Cravath believed that a staff trained within the office would be better adapted to its methods of work than a staff recruited from older men who, in practice elsewhere, might have acquired habits inconsistent with Cravath methods, and hence he insisted that the staff should be recruited, so far as possible, from men just out of law schools.

Robert T. Swaine, The Cravath Firm and its Predecessors Vol. II at 2 (1948) [emphasis added].

A related Cravath system innovation was the payment of a substantial entry-level salary.  At the time, the prevailing practice was to give juniors a desk in exchange for assisting with office work.  The juniors then scraped for a living by doing whatever business they could find on their own.  According to Cravath partner and firm historian Robert Swaine, “Cravath could not tolerate the inefficiency and divided loyalty implicit in such an arrangement.” Thus, Cravath forbid outside work and business interests and committed to salaries and annual advancements “at least as high as those of any other office in the City.” Id. at 6.

This is no doubt that Cravath’s generational strategy was very expensive.  Yet, whatever its cost, the return on investment was staggering, as it secured a steady supply of high-quality human capital that other facets of the Cravath system could forge into business lawyers with a well-rounded view of all aspects of corporate practice. Thus, the firm was amply rewarded through its ability to charge premium rates and promote the best associates to partners.  This is how the Cravath system created the Cravath firm brand. It’s hard to imagine a more valuable intergenerational asset.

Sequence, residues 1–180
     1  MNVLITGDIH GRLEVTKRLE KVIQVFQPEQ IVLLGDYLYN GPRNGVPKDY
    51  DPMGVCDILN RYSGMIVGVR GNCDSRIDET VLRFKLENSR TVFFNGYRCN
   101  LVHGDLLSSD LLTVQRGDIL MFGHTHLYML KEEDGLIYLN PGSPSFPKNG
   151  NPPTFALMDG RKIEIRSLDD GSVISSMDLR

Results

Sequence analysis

Prior to the innovation of the Cravath system, business law firms tended to be small and unstable,  as senior lawyers lacked a cost-effective way to recoup the value of training someone who would eventually become their competitor.  Not only did the Cravath system solve this difficult economic coordination problem, but it also became the template for the entire corporate law sector.  For additional context on this remarkable story, see Marc Galanter & William Henderson, “The Elastic Tournament: The Second Transformation of the Big Law Firm,” 60 Stan L Rev 1867 (2008); William D. Henderson, “Three Generations of U.S. Lawyers: Generalist, Specialist, Project Manager,” 70 Md L Rev 373  (2011).

Example 2:  WestLaw legal research

My second example of a generational strategy is Westlaw’s decision in the early 1990s to offer their electronic legal research products to all law schools free of charge, including on-site training and printing services.

Both David Cambria (left) and Mike Suchsland (right) joined Thomson West in the 1990s.

Although this example is well-known to virtually all U.S. lawyers, a couple of years ago I had the benefit of getting additional color commentary from David Cambria and Mike Suchsland, two very accomplished legal executives who both worked at West during the early days of the law school legal research strategy.

In particular, Cambria, who was assigned directly to the law school immersion efforts, recalls internal discussions about the staggering cost of subsidizing law schools’ legal research efforts, as some insiders were skeptical of its ability to eventually produce higher sales. According to David, the head of his division waved off his peers, saying “wait, wait, it’s coming.”

The underlying logic was to get law students conditioned to the speed, efficiency, and comprehensiveness of electronic legal research so that when they started at their law firms, they would educate partners on the benefits of Westlaw. Further, if partners refused to buy the service, word would get back to the law schools about the reluctant adopter firm, thus putting them at a competitive disadvantage for talent.

I knew this strategy was something powerful when I heard it recounted by Cambria and Suchsland at dinner one night. Tears of laughter were streaming down their cheeks as they recalled the massive surge in electronic sales, which vanquished all skeptics. Once a law student had used Westlaw to efficiently get their work done in law school, it was near impossible to break them of the habit.  Conversely, it brought to an end the long, fruitless process of educating old-school partners on the merits of electronic research. Cf. Planck’s principle.